I have to say I fail to see the purpose of simply eliminating one spelling (.self)--and a very readable one at that--only to invent another one to do the exact same thing. The aim of SE-0090 was to remove any need for this altogether; either we still have need of it, in which case there's no reason for syntactic churn, or we don't.

16 Likes

I should clarify: if we are going to change the syntax I think this is a reasonable direction to explore.

I think you make a good point if it's just a change in spelling. But if we could leverage the new syntactic form for other things such as the disambiguation mentioned above it might still be worthwhile.

well, the problem is if “leading colon means type identifier”, then we can use it to disambiguate between a top-level variable and an imported type, but, it would be useless for disambiguating .self since there would be just as much reason for [:Int] to be an array of Ints instead of a 1-element array of Int.Type since the Int in the brackets is still a type identifier, just not a type object reference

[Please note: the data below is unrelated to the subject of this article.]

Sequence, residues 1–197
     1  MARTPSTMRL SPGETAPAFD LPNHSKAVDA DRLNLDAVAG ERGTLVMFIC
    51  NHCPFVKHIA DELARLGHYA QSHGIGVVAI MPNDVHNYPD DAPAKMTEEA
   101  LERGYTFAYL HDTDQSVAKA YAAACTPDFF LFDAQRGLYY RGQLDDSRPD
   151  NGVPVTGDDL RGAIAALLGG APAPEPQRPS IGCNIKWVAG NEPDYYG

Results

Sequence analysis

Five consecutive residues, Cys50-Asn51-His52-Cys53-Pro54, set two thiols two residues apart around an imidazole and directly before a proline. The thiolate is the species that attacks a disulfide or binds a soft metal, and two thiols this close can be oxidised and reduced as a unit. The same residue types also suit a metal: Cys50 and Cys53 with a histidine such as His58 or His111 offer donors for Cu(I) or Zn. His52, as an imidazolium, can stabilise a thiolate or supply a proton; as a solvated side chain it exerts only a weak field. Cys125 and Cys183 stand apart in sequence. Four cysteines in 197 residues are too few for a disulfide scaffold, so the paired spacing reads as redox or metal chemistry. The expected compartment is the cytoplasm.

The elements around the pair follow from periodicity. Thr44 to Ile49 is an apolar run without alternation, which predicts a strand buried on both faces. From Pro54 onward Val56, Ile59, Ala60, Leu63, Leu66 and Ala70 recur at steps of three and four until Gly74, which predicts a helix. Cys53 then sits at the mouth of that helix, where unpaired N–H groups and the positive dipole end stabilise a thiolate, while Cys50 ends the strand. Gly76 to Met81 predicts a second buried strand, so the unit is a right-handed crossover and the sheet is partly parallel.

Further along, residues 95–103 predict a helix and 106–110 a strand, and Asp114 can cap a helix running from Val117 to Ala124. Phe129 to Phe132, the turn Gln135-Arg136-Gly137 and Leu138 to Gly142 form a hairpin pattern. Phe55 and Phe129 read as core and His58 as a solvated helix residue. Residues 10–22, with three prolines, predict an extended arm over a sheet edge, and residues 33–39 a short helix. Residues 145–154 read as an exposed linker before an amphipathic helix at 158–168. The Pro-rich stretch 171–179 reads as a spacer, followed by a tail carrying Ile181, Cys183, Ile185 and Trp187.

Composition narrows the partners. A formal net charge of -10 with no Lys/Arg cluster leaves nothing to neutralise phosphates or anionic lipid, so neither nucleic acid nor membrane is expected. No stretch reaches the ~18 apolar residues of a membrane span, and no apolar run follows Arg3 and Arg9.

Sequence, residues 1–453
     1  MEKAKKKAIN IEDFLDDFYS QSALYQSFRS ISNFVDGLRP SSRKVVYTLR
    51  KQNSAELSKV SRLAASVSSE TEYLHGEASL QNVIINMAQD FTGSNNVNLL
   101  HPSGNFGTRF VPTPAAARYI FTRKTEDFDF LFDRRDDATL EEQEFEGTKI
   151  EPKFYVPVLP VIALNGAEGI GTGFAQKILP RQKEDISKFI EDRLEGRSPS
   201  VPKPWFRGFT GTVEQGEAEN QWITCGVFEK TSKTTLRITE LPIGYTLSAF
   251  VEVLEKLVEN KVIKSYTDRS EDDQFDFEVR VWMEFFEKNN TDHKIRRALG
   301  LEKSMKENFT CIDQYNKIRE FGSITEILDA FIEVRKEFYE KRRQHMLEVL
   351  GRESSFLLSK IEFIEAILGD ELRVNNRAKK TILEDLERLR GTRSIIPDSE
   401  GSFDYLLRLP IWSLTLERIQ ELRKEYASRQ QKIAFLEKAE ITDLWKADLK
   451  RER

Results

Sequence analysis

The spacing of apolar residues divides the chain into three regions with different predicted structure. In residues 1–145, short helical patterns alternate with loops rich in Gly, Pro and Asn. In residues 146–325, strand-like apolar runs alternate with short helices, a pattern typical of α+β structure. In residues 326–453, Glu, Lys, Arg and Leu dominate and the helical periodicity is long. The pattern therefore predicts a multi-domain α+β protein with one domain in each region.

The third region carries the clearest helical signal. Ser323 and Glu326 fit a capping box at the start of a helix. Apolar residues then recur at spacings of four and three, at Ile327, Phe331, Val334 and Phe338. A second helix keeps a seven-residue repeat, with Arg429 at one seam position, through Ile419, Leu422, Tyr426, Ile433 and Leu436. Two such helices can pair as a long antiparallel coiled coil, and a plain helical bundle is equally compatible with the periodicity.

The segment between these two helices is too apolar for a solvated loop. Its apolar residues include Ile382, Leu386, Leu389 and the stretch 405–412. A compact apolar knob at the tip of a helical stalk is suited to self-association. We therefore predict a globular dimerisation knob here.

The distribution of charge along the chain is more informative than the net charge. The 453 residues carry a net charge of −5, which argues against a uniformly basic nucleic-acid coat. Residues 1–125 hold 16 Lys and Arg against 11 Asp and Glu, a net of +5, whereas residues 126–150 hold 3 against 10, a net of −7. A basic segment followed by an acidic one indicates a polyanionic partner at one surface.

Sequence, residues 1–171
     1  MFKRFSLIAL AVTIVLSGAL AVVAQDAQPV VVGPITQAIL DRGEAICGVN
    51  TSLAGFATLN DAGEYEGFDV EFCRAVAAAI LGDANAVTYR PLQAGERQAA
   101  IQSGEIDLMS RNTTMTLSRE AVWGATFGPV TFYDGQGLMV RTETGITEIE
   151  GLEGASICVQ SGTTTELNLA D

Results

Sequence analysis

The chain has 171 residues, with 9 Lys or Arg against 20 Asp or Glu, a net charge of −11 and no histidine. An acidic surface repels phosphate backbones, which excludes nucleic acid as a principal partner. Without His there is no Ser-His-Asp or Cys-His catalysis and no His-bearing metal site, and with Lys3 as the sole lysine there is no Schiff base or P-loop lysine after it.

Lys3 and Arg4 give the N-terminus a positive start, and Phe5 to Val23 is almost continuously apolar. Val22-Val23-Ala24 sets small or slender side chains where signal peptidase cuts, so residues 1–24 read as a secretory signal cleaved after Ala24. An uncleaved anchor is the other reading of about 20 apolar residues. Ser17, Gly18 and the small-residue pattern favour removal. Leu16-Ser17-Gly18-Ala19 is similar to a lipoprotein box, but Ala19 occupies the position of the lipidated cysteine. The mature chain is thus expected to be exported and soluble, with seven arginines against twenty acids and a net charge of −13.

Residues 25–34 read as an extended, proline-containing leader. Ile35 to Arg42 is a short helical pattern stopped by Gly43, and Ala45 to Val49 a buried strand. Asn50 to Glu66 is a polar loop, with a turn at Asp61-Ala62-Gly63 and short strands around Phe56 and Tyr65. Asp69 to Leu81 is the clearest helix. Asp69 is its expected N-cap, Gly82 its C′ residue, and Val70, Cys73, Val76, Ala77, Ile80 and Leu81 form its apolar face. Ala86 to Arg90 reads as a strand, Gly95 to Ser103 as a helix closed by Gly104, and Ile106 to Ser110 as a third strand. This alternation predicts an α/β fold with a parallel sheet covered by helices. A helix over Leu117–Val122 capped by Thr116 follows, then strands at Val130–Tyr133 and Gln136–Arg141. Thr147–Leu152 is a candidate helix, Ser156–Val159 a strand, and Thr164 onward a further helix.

also, nobody thinks it’s weird that () is both its own type and an instance of itself?

The convention matches Haskell's (). It'd have been nice to be a nominal type, though, like struct Void {}, so we could extend it.

5 Likes

I'm not sure I follow this. Can you elaborate?

This is such an important special case that I wonder if a proposal to do this might make sense. Something like typealias () = Void could exist as well with a little compiler magic. I think that would let us do it without a breaking change.

We already have plenty of colons in the language that don't mean types: argument labels and dictionary keys. The common thread is that colons can usually be read as "is", but even that falls down a little for full function names.

2 Likes

Yeah, I'm not a fan of this. It seems to be a cause of much confusion, and worse, a bunch of odd edge cases (being the only value that's both a type and an instance)